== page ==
VISIT US IN CHICAGO JUNE 2-4 AT BOOTH 2073!

Dr. Palmerini on Long-term Efficacy of Denosumab in Giant Cell Tumor of Bone

Emanuela Palmerini, MD
Published: Saturday, Sep 09, 2017



Emanuela Palmerini, MD, Prometeo Laboratory: Clinical and Experimental Research Contract, Chemotherapy for Rare Musculoskeletal Tumors Department, Rizzoli Orthopaedic Institute, discusses the long-term efficacy of denosumab (Xgeva) in patients with giant cell tumor of bone (GCTB).

The phase II study enrolled more than 500 patients with GCTB, which is defined as a progressive osteolytic tumor, in 3 cohorts: unresectable disease (cohort 1), resectable disease with planned high morbidity surgery (cohort 2), and prior GCTB study patients (cohort 3). Patients were treated with subcutaneous denosumab, which is a monoclonal antibody, at 120 mg every 4 weeks with loading doses on days 8 and 15. With a primary endpoint of safety and progression-free survival, results showed that the drug was able to safely control the disease in all patients with metastatic or unresectable disease.

The overall response rates in cohorts 1 and 2 were both 99%. The recurrence risk was 27% following surgery in those patients with high-risk resectable disease.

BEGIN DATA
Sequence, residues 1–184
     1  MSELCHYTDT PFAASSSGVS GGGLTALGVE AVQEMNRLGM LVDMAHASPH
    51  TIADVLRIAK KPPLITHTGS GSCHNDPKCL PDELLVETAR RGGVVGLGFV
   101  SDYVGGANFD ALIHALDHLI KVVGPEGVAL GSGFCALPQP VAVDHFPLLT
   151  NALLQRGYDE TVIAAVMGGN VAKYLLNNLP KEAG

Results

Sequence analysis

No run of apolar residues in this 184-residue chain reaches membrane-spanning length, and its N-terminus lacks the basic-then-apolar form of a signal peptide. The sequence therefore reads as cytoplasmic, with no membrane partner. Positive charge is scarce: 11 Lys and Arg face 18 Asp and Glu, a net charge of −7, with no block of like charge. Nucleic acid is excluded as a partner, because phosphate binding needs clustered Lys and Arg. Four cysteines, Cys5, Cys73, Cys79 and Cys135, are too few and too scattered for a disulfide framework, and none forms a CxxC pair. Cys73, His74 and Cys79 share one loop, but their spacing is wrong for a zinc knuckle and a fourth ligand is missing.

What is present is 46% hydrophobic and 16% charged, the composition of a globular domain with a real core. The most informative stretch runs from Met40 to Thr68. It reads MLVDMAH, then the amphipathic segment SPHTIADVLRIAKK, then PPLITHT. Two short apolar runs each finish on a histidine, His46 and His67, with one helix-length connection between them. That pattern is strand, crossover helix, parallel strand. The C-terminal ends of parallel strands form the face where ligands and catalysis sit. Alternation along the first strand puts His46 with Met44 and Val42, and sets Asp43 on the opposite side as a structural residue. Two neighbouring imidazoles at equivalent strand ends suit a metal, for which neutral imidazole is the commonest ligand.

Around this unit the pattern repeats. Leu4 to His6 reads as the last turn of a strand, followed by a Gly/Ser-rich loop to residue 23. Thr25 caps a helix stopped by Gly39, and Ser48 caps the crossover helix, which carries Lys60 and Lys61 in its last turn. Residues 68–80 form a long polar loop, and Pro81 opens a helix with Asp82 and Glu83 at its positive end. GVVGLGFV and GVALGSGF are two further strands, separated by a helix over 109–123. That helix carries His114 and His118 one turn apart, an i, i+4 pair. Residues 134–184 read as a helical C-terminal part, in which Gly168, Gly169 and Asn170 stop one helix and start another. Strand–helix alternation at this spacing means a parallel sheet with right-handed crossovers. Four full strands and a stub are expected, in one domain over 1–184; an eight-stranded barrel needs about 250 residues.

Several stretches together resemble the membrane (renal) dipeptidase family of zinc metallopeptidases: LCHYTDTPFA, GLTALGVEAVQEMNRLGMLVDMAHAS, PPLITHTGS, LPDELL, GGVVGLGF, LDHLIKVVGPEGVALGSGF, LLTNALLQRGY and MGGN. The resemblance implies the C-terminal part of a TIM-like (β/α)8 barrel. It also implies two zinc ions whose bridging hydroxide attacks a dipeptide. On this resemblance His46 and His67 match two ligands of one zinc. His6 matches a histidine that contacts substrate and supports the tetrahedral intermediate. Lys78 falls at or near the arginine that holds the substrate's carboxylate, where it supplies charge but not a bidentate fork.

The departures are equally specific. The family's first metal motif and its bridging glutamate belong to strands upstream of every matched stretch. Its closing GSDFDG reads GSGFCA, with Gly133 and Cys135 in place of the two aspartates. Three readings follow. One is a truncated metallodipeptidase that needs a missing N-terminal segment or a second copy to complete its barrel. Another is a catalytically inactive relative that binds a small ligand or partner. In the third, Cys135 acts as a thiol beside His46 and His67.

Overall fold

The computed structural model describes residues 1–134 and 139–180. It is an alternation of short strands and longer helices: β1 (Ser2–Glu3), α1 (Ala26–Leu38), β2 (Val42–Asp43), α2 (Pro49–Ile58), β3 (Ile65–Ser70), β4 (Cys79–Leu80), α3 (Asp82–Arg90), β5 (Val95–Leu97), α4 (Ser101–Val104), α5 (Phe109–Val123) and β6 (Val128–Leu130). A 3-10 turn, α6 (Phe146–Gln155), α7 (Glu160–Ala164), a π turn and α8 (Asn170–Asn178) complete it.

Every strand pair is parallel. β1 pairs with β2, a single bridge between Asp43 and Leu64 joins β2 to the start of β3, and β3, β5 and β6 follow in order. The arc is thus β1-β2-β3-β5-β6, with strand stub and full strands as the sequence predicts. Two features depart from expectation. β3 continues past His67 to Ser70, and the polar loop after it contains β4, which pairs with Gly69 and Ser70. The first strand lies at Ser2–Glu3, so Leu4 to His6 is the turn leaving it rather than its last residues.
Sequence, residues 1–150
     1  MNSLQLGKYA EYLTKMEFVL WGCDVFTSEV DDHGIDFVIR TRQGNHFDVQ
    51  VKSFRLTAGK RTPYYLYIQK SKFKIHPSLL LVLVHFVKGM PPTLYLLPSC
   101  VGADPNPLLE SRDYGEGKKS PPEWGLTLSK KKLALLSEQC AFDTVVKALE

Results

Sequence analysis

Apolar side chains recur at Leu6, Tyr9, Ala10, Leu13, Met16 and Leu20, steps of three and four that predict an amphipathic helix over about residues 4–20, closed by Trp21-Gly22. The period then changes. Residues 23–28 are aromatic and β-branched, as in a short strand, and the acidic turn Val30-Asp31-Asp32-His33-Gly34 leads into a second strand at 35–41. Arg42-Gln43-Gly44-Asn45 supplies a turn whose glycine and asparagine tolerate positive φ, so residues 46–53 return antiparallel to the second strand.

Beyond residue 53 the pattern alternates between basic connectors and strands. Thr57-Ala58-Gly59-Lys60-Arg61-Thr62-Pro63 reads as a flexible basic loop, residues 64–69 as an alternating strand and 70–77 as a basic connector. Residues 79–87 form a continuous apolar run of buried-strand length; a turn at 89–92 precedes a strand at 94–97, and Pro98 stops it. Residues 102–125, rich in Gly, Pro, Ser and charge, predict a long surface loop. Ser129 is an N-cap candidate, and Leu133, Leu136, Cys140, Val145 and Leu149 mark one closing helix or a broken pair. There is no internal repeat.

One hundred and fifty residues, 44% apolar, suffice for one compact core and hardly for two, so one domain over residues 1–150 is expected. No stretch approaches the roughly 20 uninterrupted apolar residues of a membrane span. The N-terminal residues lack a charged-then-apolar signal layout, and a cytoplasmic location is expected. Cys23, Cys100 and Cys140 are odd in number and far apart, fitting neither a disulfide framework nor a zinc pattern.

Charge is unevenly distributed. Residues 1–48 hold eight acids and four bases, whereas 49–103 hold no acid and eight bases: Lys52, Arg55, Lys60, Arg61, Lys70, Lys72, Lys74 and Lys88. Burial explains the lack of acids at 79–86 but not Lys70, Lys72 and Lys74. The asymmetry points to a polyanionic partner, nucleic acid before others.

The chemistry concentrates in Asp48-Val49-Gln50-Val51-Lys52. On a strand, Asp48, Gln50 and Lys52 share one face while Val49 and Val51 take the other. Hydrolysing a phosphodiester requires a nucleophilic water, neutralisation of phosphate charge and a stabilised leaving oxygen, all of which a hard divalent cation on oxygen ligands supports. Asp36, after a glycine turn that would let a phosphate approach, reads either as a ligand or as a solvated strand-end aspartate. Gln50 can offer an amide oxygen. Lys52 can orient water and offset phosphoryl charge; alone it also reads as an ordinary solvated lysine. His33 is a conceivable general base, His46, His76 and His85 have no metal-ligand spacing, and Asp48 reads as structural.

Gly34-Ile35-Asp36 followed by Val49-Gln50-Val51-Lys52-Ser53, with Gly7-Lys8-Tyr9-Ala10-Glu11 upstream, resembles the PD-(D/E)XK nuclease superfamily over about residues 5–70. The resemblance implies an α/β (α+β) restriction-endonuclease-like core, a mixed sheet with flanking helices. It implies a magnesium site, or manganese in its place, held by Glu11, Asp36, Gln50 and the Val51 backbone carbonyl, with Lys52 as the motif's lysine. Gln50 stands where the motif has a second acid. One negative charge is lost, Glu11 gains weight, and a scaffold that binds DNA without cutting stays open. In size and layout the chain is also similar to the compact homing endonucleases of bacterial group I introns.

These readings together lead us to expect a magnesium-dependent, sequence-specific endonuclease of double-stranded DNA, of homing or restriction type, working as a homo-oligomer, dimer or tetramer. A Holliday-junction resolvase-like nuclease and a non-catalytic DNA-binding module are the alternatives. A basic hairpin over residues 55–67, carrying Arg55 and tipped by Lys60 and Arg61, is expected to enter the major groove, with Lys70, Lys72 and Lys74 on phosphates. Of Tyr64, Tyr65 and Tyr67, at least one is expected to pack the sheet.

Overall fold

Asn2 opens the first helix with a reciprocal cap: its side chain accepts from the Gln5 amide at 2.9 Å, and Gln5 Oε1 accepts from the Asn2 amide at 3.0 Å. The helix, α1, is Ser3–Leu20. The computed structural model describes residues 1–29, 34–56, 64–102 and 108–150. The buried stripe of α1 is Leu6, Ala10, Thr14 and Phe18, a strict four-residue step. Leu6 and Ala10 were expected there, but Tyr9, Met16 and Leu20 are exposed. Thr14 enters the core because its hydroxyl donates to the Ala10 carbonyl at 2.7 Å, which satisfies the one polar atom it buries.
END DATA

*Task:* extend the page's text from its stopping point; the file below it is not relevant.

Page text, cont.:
<<< View more from the 2017 ESMO Congress
 


Emanuela Palmerini, MD, Prometeo Laboratory: Clinical and Experimental Research Contract, Chemotherapy for Rare Musculoskeletal Tumors Department, Rizzoli Orthopaedic Institute, discusses the long-term efficacy of denosumab (Xgeva) in patients with giant cell tumor of bone (GCTB).

The phase II study enrolled more than 500 patients with GCTB, which is defined as a progressive osteolytic tumor, in 3 cohorts: unresectable disease (cohort 1), resectable disease with planned high morbidity surgery (cohort 2), and prior GCTB study patients (cohort 3). Patients were treated with subcutaneous denosumab, which is a monoclonal antibody, at 120 mg every 4 weeks with loading doses on days 8 and 15. With a primary endpoint of safety and progression-free survival, results showed that the drug was able to safely control the disease in all patients with metastatic or unresectable disease.

The overall response rates in cohorts 1 and 2 were both 99%. The recurrence risk was 27% following surgery in those patients with high-risk resectable disease. 

  <<< View more from the 2017 ESMO Congress
 

View Conference Coverage
Online CME Activities
TitleExpiration DateCME Credits
34th Annual Miami Breast Cancer Conference® Clinical Case Vignette Series™May 25, 20182.0
Community Practice Connections™: CDK4/6 Inhibitors With the Experts: The Role of Emerging Agents for the Management of Metastatic Breast CancerMay 30, 20182.0
Publication Bottom Border
Border Publication
x